By the mid 1700’s, however, adventurous loggers had already mapped the area, staking the Crown’s claim to the highest quality lumber for use by the Royal Navy.  The early name for the Farmington river valley west of the center of town, Mast Swamp, dates from this period.

In the colonial era wood was a critical resource used not only for building houses, but for fences, tools, household items such as buckets, for making dyes and medicines, and for use as charcoal and fuel.  Charcoal is often overlooked, but it was required for the making of iron and gunpowder.  A productive iron furnace could use well over a thousand acres of wood each year.  Almost every type of wood was used, each suited to a specific task: oak for framing, pine for siding, cedar for fences, chestnut for flooring, birch for charcoal, and so forth.

The clearing of the forests would have begun on the hilltops, especially on Town Hill, which was the first settlement.  High quality lumber, such as the white pine of Mast Swamp, would also have been cut.  The last areas to be cleared would have been the steep, rocky hillsides such as the Ledges of Satan’s Kingdom and in the true swamps: the difficulty in access and the relatively poor quality of the lumber would have meant that there was little incentive to go there.  By 1800 it is estimated that nearly 90% of Connecticut had been cleared.

This did not mean, however, that trees were not in evidence.  Woodlots and hedgerows were used to ensure a continued supply of lumber.  Land that was unsuitable for even grazing was often turned into these woodlots.  Fast growing species such as ash, poplar, and birch would have been primary species in these areas.  Elsewhere trees were planted for other purposes.  Sugar maples were planted to shade roads and to provide maple syrup, the primary sweetener until the Caribbean molasses trade took over.  In New Hartford only a few of these maples remain.  Most of the giant sugar maples on Town Hill, West Hill, Holcomb Hill, and scattered elsewhere date from the early to mid 1800’s.  Some may have been planted even earlier.  These trees, so symbolic of the New England landscape, are now in decline; and each year’s storms take down a few more.  Other trees, especially nut trees such as hickories, chestnuts, and butternuts, were planted to mark boundaries; many old deeds record a property corner as being, ‘the big chestnut’.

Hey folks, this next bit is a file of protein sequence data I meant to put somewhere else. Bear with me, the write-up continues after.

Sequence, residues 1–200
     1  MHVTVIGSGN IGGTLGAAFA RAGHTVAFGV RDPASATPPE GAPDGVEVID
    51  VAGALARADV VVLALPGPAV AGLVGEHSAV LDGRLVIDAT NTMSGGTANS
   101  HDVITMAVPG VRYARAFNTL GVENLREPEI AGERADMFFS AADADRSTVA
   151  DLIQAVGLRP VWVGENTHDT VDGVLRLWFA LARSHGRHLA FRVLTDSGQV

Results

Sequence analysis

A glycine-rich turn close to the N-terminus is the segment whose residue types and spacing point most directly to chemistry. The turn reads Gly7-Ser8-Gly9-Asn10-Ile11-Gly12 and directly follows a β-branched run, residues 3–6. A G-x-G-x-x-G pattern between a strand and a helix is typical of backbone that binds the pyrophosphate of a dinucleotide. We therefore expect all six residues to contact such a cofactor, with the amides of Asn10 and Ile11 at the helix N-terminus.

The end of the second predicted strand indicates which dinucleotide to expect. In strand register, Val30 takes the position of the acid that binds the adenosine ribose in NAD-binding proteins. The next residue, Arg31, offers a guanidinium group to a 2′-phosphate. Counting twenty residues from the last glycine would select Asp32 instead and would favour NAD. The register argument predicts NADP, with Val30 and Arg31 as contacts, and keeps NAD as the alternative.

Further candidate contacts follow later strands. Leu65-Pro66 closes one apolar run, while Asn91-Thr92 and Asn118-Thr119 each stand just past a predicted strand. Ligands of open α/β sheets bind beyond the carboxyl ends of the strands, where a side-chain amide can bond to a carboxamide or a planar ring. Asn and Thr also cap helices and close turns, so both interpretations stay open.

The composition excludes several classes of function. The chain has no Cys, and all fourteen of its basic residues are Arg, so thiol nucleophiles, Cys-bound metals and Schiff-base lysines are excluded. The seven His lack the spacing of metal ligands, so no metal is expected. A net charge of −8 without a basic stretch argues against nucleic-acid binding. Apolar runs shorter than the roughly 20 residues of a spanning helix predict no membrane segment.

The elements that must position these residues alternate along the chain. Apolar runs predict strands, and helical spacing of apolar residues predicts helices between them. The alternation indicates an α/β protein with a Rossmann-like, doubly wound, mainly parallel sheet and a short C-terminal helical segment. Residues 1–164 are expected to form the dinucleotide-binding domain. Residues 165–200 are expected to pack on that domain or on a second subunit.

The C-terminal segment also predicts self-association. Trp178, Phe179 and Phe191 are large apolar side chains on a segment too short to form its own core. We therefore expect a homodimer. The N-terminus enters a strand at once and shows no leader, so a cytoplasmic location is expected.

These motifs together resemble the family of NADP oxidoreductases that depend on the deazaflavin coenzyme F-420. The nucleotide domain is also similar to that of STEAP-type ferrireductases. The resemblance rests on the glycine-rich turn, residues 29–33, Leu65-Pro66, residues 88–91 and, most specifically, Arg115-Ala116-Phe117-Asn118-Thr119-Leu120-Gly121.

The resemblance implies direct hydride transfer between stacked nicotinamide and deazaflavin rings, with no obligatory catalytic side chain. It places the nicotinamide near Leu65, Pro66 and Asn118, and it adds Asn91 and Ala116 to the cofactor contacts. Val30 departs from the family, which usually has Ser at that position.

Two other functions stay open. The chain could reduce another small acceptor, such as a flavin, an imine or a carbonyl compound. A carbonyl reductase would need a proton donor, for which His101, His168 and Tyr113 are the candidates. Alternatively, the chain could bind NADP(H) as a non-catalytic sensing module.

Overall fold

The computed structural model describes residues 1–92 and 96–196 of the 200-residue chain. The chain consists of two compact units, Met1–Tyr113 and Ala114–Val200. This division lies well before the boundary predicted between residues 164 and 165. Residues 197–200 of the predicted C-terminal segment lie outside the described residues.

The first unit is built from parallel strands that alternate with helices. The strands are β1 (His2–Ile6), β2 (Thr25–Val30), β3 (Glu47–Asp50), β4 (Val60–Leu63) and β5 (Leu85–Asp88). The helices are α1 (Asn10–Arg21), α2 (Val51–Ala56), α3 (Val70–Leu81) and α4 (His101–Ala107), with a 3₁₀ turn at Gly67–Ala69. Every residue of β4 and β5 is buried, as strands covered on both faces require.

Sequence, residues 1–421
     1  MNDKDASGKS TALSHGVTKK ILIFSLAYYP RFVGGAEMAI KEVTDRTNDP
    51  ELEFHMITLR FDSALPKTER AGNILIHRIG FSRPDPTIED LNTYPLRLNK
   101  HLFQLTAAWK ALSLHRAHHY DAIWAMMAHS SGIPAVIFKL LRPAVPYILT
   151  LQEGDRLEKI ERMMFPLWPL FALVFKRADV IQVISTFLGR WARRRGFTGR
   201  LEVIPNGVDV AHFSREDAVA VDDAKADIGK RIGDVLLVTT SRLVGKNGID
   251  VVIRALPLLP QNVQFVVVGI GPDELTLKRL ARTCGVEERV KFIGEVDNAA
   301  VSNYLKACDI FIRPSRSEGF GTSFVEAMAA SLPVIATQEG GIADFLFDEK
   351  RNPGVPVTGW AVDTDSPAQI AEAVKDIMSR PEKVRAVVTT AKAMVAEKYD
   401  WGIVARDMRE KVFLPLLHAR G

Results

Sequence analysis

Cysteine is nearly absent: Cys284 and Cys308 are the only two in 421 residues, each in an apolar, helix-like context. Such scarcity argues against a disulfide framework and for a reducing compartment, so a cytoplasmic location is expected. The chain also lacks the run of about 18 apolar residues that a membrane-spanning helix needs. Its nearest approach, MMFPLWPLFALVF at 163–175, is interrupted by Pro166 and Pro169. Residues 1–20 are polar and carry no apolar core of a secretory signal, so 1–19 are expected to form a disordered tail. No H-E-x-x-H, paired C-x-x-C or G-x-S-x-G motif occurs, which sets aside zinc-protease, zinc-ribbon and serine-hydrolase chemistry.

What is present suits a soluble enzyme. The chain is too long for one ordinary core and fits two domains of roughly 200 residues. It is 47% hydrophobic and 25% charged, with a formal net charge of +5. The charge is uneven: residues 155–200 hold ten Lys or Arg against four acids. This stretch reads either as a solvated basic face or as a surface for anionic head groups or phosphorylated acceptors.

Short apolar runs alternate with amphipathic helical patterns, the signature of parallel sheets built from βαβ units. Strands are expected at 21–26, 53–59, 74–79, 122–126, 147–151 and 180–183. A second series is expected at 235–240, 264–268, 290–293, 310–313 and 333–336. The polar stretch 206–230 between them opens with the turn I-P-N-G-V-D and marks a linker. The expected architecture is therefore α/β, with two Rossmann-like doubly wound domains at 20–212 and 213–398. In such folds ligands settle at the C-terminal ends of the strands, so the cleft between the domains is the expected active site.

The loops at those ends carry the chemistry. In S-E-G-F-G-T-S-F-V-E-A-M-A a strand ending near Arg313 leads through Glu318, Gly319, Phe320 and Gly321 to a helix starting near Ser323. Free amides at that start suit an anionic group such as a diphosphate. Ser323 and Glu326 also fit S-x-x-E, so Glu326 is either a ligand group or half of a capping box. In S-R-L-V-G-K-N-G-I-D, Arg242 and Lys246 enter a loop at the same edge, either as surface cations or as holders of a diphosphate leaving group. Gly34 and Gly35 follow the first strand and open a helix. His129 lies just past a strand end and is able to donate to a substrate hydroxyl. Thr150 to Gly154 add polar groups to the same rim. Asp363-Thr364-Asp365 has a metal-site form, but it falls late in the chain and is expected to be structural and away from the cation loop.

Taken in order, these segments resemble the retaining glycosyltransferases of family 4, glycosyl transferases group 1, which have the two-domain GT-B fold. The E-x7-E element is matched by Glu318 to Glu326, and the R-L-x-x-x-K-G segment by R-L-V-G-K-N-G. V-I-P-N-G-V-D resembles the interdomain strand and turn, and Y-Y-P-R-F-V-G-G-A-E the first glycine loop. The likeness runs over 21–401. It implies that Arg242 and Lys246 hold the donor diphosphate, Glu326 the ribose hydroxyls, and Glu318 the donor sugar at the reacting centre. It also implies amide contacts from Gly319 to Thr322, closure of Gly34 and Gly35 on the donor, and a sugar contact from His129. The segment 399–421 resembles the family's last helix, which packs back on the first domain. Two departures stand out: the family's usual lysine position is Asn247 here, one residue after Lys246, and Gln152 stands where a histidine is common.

After 1800, economic and demographic shifts were also reflected in the fate of the land….

To be continued.


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On Roads

The geography of a region helps to shape its history, determining the types of industry and agriculture, over generations shaping cultural markers ranging clothing to houses to holiday traditions. One of the clearest ways in which geography affects history is in transportation.